coot

(redirected from Coots)
Also found in: Dictionary, Thesaurus, Acronyms, Encyclopedia, Wikipedia.

bald as a coot

Totally bald. My father had long hair as a teen, but now he's bald as a coot.
See also: bald, coot

be as bald as a coot

To be totally bald. My father had long hair as a teen, but now he's as bald as a coot.
See also: bald, coot

*bald as a coot

 and *bald as a baby's backside
completely bald. (*Also: as ~.) If Tom's hair keeps receding like that, he'll be bald as a coot by the time he's thirty. Fred: Now, I'll admit my hair is thinning a little on the top, butJane: Thinning? You're not thinning, you're as bald as a baby's backside!
See also: bald, coot

as bald as a coot

completely bald.
The coot (Fulica atra) has a broad white shield extending up from the base of its bill. The history of the word bald is somewhat obscure, but analogies with other northern European languages suggest a connection with the idea of ‘having a white patch or streak’.
See also: bald, coot

(as) bald as a ˈcoot

having no hair on your head at all: Why did you buy him a hairbrush? He’s as bald as a coot!
A coot is a black bird with a white patch on its forehead that lives on or near water.
See also: bald, coot

bald as a coot/billiard ball

Very bald indeed. The coot is a black waterbird whose white bill extends up to the forehead, making it appear to be bald. Indeed, this bird was already being called a balled cote in the thirteenth century. The later simile, to a billiard ball, has been less recorded, but since billiards was already popular in Shakespeare’s day it cannot be of very recent origin.
See also: bald, ball, coot

crazy as a coot/loon

Lunatic behavior. The simile to the water bird dates from the sixteenth century, when John Skelton (Phyllyp Sparowe, 1529) wrote, “the mad coote, with a balde face to toote.” It is not known whether the craziness refers to the bird’s strange behavior in winter, when flocks of coots on a frozen pond sometimes fly wildly at one another, or to the senile behavior of the very old. (See also bald as a coot.) A related ornithological simile is crazy as a loon, probably derived from the weird loud cry of this bird. However, loony for “crazy” comes not from the bird but from lunatic, in turn related to the ancient belief that the phases of the moon (Latin luna) influence human behavior.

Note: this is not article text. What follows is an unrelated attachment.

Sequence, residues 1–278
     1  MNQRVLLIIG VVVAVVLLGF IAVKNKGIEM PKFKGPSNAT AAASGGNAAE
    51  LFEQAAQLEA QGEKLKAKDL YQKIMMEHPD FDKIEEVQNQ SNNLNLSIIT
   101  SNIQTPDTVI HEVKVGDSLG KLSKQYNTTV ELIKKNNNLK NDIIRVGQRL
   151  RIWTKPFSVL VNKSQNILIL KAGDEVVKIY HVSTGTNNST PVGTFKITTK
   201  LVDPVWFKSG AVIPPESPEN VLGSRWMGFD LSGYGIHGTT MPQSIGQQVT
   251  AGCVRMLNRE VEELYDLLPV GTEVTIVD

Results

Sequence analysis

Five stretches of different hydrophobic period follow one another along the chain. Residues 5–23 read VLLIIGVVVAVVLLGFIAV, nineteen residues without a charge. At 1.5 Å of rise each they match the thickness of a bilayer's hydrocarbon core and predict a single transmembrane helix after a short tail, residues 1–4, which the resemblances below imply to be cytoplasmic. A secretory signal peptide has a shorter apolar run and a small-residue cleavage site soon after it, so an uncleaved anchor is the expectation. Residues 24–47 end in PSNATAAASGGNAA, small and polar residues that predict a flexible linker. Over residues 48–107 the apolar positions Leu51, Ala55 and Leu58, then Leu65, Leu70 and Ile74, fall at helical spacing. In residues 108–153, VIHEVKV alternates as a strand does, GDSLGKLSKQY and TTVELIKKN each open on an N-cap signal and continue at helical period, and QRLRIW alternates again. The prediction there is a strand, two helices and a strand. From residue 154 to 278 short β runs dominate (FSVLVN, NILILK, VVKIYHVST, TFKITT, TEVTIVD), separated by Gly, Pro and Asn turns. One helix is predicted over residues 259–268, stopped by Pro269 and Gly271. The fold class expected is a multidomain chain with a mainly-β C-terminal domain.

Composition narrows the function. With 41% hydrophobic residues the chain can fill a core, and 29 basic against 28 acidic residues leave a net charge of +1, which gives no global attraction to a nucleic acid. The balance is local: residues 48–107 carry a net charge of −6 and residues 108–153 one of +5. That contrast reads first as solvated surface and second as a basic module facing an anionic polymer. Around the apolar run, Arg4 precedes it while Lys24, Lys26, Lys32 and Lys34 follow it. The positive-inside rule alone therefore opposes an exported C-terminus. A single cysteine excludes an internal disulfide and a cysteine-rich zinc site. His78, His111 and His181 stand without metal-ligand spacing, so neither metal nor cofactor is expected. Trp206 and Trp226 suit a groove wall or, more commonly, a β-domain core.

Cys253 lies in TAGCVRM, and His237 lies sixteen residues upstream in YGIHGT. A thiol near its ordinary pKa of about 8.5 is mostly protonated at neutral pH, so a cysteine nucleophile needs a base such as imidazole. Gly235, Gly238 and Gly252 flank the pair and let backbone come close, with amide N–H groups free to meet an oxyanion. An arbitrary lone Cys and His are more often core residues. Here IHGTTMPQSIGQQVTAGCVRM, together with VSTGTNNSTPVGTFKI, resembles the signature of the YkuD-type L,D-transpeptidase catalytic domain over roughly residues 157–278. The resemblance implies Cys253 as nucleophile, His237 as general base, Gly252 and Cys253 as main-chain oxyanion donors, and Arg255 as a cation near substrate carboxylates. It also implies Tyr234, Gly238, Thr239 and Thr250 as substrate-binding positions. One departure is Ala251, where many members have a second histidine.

See also: coot, crazy, loon

old codger/coot/fogy

Unflattering names for an elderly man. Old codger, dating from the mid-1700s, may imply that he is testy or crusty, whereas old coot, from the mid-1800s, indicates he is silly or ignorant. As for an old fogy, he may be hidebound in tradition. None of these is a desirable epithet, or, as Terrel Bell put it, “There’s only one thing worse than an old fogy, and that’s a young fogy” (commencement address at Longwood College, Virginia, June 17, 1985). A newer and decidedly vulgar synonym is old fart, dating from the first half of the 1900s. Phil Donahue said it of himself on his NBC television show in 1992: “I didn’t always look like an old fart like this.”
See also: codger, coot, fogy, old
References in periodicals archive ?
Families vary greatly in how and how much they collaborate and participate in schooling activities (e.g., Coots, 1998; Herman & Thompson, 1995; Hoover-Dempsey & Sandler, 1997; Neely-Barnes & Marcenko, 2004).
The feeding ecology of American coots has also been studied by Texas A&M University and the Savannah River Ecology Laboratory (SREL).
SWEET COOT OVER RICE INGREDIENTS: 10 to 15 coots breasts 1 1/2 cup Sweet Baby Rays Original BBQ sauce 1 cup teriyaki sauce 3 cloves garlic minced 1/2 cup spicy buffalo wing sauce 2 cups brown sugar 1 tablespoon Worcestershire sauce Season with salt and pepper 6 cups white rice 5 cups coconut milk 12 ounce can pineapple, divided 1 package of scallions DIRECTIONS: I prefer to remove the innards of coots and let them hang for three to four days before breasting for maximum flavor and tenderness.
During an interview with Sunday Night, an Australian program, in 2013, Coots said that he would not accept medical help if he is bitten during service.
Stockholders of Boots & Coots will receive USD3.00 for each common share held, comprised of USD1.73 in cash and USD1.27 in Halliburton common stock, subject to election, pro-ration features and an exchange ratio based on the company's five-day average share price before closing.
Shares in Boots & Coots closed at $2.35, down about 1.3 percent.
Often called marsh hens or mud hens, the 16-inch long American coots are known for their territorial and noisy, cantankerous habits.
The quiet the lake provides is more than enough reward for the trip, but an occasional big-eyed bullfrog, colorful waterlily or running coot makes the experience that much more worthwhile.
(ABR611) JERRY WINCHESTER - BOOTS & COOTS INTERNATIONAL WELL CONTROL INC (WEL).
Many ducklings can also be seen - there are shellducks, coots and common ducks in the Bay.
The species most affected were coots (Fulica atra) (26.9%), shovelers (Anas clypeata) (25.1%), and mallards (Anas platyrrhynchos) (13.8%).
Coots are brave fighters and only back down when they are well and truly beaten.
The former president and publisher of the Fort Worth Star-Telegram teamed up with John Coots, who was president of Cap Cities' New England Newspaper Group from 1980 to 1994, to create Lionheart, a "diversified newspaper operation."
US oilfield services firm Halliburton (NYSE:HAL) announced last Friday it entered into agreement to take over Boots & Coots (AMEX:WEL), a US provider of pressure control services for the oil industry, for USD240m (EUR176m) in stock and cash.
A long the way people can expect to see coots, moorhens, seabirds and, if they are very lucky, elusive water voles.